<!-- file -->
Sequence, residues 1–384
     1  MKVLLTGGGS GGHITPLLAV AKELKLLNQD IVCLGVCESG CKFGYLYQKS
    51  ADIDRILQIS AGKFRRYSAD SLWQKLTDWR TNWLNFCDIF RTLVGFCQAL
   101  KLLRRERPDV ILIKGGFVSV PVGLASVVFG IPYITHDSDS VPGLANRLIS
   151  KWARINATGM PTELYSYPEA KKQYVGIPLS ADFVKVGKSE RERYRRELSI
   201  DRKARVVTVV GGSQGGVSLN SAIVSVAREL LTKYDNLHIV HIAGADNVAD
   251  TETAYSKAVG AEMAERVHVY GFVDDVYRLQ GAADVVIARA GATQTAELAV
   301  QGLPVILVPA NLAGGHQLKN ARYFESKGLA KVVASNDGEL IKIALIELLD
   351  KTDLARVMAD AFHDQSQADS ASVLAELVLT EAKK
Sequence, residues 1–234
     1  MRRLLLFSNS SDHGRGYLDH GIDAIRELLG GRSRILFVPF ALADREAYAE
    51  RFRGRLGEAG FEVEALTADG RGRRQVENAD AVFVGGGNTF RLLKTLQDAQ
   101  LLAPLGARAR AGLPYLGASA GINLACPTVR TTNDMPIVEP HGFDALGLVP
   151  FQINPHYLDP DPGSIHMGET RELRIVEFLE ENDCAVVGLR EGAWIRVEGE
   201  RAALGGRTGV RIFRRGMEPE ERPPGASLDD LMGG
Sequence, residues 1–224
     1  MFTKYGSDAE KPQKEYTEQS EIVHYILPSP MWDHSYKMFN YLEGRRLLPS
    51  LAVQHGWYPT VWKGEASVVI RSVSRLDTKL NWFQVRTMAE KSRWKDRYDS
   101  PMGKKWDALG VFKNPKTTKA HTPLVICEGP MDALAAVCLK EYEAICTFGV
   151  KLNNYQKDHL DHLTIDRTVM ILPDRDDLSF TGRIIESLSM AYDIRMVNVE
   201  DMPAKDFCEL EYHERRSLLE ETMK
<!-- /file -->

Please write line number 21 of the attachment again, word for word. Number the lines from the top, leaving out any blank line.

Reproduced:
   201  DMPAKDFCEL EYHERRSLLE ETMK